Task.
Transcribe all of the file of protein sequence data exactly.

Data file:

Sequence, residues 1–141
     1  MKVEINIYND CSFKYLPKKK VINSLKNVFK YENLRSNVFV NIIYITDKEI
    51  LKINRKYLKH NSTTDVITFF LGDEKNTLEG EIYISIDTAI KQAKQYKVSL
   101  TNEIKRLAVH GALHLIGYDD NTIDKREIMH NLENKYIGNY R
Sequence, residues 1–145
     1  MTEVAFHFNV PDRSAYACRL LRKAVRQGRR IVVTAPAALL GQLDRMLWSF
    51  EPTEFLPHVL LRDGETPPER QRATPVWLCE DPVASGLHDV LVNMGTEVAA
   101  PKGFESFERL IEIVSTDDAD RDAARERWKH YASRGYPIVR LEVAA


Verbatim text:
Sequence, residues 1–141
     1  MKVEINIYND CSFKYLPKKK VINSLKNVFK YENLRSNVFV NIIYITDKEI
    51  LKINRKYLKH NSTTDVITFF LGDEKNTLEG EIYISIDTAI KQAKQYKVSL
   101  TNEIKRLAVH GALHLIGYDD NTIDKREIMH NLENKYIGNY R
Sequence, residues 1–145
     1  MTEVAFHFNV PDRSAYACRL LRKAVRQGRR IVVTAPAALL GQLDRMLWSF
    51  EPTEFLPHVL LRDGETPPER QRATPVWLCE DPVASGLHDV LVNMGTEVAA
   101  PKGFESFERL IEIVSTDDAD RDAARERWKH YASRGYPIVR LEVAA